Russell Moore gives some great insight and encouragement for young ministers who, when starting out, will preach terrible sermons. He encourages you in how to proceed. Good stuff!
I’ve been pondering the role of the Holy Spirit in the life of the Christian of late, especially after preaching recently on Romans 15:14-24 (“Is God’s Mission our Ambition?”). Twice in that passage, we see the role of the Holy Spirit. Paul sought to offer the Gentiles as an acceptable offering, “sanctified by the Holy Spirit” (v. 16). He sought, in a parallel thought, to “bring the Gentiles to obedience—by word and deed, by the power of signs and wonders, by the power of the Spirit of God” (v. 18-19).
As an offshoot of this passage, I revisited the role of the Holy Spirit in preaching. I have sat under preachers who believed it was simply their role to inform as to the content. The Holy Spirit’s job is to take that informative message and apply it to the listener’s heart for personal living. Few (if any) illustrations and even fewer application narratives made for a sermon all about content—but ruggedly absent in connection.
As a reactive (or maybe corrective) measure, the pendulum has swung the other way in that the Holy Spirit must be living and active in preparation as well as the presentation; along with this, He must move in the presentation along with the persuasion! In this mindset, its advocates note that we are working both on a rational and an existential/experiential level. A sermon should be content + compulsion—or as some would put this, “Preaching that’s from the heart!”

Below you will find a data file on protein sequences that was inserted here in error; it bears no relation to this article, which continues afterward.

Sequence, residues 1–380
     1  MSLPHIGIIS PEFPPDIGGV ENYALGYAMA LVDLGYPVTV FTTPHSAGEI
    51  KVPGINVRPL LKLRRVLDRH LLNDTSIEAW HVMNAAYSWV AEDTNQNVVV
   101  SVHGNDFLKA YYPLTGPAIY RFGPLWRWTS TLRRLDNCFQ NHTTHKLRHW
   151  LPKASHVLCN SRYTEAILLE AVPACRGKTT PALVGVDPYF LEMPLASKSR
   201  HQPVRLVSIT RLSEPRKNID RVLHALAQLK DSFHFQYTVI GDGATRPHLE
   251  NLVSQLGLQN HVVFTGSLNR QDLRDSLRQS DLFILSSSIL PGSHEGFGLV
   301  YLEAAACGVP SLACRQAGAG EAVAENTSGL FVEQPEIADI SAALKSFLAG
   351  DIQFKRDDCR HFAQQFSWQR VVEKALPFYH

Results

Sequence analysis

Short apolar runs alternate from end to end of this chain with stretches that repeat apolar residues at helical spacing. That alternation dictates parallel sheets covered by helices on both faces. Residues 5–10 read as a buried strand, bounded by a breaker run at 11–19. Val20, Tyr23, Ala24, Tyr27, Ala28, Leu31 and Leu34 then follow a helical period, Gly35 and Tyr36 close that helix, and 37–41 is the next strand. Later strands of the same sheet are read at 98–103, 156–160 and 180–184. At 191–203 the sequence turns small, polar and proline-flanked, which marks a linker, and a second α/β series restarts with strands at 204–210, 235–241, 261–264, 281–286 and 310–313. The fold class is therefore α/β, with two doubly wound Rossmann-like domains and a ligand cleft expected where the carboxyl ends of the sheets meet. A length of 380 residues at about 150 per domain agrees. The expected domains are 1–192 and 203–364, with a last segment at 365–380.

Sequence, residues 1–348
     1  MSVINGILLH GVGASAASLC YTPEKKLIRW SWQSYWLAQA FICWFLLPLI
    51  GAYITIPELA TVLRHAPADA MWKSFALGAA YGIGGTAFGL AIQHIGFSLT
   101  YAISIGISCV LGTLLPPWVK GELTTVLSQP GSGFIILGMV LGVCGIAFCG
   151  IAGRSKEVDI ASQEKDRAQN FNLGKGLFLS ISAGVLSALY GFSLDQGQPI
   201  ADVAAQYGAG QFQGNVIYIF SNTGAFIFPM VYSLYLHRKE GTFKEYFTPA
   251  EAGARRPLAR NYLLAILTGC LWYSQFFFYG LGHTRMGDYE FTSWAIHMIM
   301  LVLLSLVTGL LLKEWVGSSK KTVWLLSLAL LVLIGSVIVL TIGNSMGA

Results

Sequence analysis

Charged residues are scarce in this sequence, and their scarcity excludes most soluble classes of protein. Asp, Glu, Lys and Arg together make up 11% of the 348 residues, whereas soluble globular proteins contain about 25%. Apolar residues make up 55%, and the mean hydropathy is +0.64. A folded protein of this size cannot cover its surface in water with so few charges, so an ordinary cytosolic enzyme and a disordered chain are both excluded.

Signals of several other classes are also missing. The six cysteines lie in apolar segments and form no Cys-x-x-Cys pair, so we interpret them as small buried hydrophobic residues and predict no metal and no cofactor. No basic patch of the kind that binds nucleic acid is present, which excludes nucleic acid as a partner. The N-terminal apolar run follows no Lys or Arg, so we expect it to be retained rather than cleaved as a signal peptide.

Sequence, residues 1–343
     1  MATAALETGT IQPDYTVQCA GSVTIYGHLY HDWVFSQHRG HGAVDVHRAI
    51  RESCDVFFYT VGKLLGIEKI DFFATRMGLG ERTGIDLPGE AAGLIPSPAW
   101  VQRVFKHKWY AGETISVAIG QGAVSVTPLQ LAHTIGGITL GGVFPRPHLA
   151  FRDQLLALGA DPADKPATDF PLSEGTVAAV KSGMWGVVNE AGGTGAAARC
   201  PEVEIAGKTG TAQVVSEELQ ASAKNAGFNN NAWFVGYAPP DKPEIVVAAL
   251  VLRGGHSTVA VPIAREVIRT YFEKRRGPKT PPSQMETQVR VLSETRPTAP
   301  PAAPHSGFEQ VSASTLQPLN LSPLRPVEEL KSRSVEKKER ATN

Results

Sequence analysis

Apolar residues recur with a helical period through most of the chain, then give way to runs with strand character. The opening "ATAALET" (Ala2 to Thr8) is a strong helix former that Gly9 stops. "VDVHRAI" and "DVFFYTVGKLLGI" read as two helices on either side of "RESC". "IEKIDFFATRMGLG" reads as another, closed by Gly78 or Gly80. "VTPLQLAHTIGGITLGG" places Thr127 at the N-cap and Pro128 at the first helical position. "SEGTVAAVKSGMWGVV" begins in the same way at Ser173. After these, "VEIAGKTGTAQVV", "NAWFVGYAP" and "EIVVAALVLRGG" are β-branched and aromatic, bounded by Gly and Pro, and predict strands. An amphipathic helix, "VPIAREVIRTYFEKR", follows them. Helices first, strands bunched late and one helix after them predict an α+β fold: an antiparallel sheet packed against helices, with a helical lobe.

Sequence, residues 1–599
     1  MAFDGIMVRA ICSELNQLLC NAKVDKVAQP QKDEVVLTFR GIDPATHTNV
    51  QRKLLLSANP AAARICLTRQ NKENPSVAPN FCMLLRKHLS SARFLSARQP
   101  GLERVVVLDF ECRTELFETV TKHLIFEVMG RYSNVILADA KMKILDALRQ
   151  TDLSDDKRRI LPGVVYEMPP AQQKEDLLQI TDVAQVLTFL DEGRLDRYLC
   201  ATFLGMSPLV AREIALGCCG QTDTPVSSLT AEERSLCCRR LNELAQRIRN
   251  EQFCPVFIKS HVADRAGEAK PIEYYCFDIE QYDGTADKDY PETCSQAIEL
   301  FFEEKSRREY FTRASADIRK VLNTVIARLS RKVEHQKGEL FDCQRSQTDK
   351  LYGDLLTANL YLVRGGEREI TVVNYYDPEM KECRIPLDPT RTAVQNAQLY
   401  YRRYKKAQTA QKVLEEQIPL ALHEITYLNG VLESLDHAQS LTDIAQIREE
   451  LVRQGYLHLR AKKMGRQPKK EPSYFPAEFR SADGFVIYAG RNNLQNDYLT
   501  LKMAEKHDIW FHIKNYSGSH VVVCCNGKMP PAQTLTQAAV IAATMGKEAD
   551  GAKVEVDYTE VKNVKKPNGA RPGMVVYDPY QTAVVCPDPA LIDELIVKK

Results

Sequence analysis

As a follower of Christ, my calling and ultimately my passion is preaching and teaching people the Word of God! My bookshelves in my office are lined with preaching books from various authors from varying backgrounds advocating expositional over topical (or vice versa), strong structure over fluidity and conversational approaches (or vice versa). One book suggests preaching with notes, another preaching without notes. One book is titled “Spirit-Led Preaching,” another “Spirit-Empowered Preaching“,” another “Biblical Preaching,” still another, “Christ-Centered Preaching,” still another, “Anointed Expository Preaching,” and yet another “The Supremacy of God in Preaching.” The most provocative one is entitled, “Why Johnny Can’t Preach.”
Needless to say, it’s encouraging to see so many interact with this crucial topic. Yet, we must get back to the issue of this: should preaching be persuasive or merely inform?